This unit was created by educators in Michigan, as part of the 2021 cohort of The 1619 Project Education Network. It is designed for facilitation across approximately five days, or five class periods.
Students will be able to...
- Describe the legacy and impact of Reconstruction on Black Americans.
- Identify multiple examples of how slavery and the Reconstruction era continue to impact Black Americans today.
- Write a short essay explaining the multiple ways in which slavery and the Reconstruction era continue to impact Black Americans today.
- What is the legacy of slavery and Reconstruction for Black Americans?
- How does the legacy of slavery and Reconstruction continue to impact the lives of Black Americans today?
Students will practice reading and understanding primary and secondary sources and will use their “Thinking like a Historian” skills to analyze these sources.
This unit will help students develop a deeper understanding of the impact of slavery and Reconstruction on Black Americans then and now. The themes and ideas covered in The 1619 Project will help students make relevant connections between the experiences of Black Americans during the Reconstruction era and today. Engagement with the project and the essential questions will increase student awareness of systemic issues that continue to impact Black Americans today.
These lessons can be implemented at the end of a Reconstruction unit or a mini-unit connecting Reconstruction, post-Reconstruction, and early 1900s America. They can also be used as a stand-alone mini-unit that can be expanded with new articles, primary sources, or current events. These lessons can also be incorporated into a larger C3 Inquiry unit on the topics.
- Each day students will have questions to answer based on readings or podcasts. They will also present to the class information they learned as well as partake in group and class discussions.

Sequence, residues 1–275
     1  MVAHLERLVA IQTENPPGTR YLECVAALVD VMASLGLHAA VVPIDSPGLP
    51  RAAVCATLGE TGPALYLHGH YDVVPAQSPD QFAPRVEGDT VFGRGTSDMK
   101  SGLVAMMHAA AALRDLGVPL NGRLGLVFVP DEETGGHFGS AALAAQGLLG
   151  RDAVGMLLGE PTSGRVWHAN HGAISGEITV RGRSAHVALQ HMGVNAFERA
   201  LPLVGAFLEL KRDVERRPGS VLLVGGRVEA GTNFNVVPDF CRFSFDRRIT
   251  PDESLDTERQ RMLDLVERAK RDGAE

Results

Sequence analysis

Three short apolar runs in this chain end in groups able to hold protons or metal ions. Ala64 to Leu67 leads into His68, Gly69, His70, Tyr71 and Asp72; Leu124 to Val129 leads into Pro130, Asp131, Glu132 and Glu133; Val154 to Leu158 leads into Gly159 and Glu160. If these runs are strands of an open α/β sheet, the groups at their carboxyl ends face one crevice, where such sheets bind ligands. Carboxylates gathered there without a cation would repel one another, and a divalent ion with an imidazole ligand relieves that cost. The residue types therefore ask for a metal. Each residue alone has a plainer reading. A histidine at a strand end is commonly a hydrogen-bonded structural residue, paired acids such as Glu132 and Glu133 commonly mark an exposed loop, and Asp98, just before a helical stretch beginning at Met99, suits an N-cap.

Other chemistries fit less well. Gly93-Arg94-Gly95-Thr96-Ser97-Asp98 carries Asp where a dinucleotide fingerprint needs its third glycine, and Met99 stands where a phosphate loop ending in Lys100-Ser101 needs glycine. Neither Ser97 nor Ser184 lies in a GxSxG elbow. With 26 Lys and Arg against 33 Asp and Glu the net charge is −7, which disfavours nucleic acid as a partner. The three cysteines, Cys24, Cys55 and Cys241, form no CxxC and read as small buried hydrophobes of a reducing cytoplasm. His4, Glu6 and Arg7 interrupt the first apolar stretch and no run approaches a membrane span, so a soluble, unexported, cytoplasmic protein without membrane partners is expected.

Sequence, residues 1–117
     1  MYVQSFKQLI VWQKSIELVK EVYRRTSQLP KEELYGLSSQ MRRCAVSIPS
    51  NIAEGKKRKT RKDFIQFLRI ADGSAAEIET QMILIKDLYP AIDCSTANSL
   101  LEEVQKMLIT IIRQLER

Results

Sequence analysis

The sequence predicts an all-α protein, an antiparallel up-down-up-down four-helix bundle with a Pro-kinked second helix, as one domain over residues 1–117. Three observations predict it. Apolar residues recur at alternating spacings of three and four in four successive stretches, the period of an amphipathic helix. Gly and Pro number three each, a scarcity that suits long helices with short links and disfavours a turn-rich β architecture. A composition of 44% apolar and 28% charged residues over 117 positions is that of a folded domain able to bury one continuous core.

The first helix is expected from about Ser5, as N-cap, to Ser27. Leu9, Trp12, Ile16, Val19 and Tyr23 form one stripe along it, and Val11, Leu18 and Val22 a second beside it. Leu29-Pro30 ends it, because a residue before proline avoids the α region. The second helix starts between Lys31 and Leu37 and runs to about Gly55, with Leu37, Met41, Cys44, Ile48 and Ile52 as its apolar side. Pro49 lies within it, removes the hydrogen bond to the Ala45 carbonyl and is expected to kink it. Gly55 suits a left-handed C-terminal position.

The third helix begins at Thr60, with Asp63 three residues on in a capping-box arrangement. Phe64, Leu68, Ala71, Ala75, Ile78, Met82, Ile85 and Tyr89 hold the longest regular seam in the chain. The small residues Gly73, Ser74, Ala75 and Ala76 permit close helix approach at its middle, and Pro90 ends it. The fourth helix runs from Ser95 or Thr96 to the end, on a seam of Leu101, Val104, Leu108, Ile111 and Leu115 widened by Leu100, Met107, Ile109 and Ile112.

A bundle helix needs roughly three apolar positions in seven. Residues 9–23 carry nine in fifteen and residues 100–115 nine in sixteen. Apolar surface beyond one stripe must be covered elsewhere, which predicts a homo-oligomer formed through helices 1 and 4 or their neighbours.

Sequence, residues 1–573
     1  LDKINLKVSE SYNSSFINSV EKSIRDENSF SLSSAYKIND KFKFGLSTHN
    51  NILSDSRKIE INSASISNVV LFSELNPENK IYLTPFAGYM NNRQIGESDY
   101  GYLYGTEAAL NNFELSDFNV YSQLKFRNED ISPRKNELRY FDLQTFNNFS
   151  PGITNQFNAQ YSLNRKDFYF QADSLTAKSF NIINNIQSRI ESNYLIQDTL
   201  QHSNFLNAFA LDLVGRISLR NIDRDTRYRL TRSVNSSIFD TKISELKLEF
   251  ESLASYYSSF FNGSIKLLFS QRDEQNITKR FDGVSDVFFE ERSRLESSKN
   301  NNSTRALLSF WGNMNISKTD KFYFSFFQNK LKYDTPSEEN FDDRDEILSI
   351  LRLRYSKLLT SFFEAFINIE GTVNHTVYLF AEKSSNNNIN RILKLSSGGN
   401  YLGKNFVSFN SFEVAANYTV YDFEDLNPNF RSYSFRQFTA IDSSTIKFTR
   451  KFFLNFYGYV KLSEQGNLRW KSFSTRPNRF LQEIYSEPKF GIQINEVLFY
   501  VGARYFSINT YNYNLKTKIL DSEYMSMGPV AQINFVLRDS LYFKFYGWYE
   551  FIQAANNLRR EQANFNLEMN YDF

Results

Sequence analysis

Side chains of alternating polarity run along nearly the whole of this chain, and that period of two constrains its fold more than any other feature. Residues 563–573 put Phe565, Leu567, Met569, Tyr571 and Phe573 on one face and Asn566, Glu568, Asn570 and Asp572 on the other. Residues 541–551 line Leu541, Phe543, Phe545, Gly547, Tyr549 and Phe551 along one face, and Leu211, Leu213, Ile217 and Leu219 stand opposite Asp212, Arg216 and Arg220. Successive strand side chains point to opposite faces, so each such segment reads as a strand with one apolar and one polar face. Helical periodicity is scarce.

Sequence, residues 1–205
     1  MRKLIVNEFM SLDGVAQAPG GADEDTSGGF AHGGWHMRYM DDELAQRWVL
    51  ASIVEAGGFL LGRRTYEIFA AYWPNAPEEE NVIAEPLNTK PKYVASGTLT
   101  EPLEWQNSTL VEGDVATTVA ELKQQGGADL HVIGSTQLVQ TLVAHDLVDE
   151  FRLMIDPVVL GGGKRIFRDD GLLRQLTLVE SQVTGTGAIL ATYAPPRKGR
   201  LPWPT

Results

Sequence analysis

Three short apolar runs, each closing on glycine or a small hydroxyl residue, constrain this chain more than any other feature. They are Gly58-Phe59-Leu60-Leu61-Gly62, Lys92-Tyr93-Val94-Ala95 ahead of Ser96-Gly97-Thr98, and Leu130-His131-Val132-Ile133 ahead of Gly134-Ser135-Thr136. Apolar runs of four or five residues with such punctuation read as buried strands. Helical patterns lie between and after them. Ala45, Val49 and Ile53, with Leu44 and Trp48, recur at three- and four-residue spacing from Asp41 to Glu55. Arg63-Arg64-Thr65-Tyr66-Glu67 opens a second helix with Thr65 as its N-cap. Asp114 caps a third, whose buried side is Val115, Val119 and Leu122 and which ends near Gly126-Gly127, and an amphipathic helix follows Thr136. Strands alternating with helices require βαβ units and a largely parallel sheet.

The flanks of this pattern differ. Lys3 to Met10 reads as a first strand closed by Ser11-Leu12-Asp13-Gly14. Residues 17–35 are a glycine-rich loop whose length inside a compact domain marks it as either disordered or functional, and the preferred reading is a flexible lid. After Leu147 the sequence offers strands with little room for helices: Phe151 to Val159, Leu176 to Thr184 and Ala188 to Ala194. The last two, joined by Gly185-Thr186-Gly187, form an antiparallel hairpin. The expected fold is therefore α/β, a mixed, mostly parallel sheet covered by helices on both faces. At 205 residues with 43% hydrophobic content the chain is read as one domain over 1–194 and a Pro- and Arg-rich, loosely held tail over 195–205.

- Students will utilize primary and secondary sources to understand the legacy of Reconstruction, its impact on America, and its impact on Black Americans then and today.
- Students will write a short essay explaining the multiple ways in which the legacy of the Reconstruction era continues to impact Black Americans today.
Five-day unit plan for teachers, including pacing, texts and multimedia resources, guiding questions for group discussions, and performance tasks for the unit. Download below, or scroll down to read the complete unit plan.
D2.Civ.13.9-12. Evaluate public policies in terms of intended and unintended outcomes and related consequences.
D2.His.8.9-12. Analyze how current interpretations of the past are limited by the extent to which available historical sources represent perspectives of people at the time.
D2.His.16.9-12. Integrate evidence from multiple relevant historical sources and interpretations into a reasoned argument about the past.
P2.4 Use relevant information from multiple credible sources representing a wide range of views, considering the origin, authority, structure, and context, to answer a compelling or supporting question.
8 – U5.3.2 Describe the early responses to the end of the Civil War by describing:
- the policies of the Freedmen’s Bureau.
- the restrictions placed on the rights and opportunities of freedmen, including racial segregation and Black Codes.
8 – U5.3.3 Describe the new role of African-Americans in local, state, and federal government in the years after the Civil War and the national and regional resistance to this change, including the Ku Klux Klan.
8 – U6.2.1 U.S. History Investigation Topic and Issue Analysis, Past and Present – use historical perspectives to analyze issues in the United States from the past and the present; conduct research on a historical issue or topic, identify a connection to a contemporary issue, and present findings (e.g., oral, visual, video, or electronic presentation, persuasive essay, or research paper); include causes and consequences of the historical action and predict possible consequences of the contemporary action.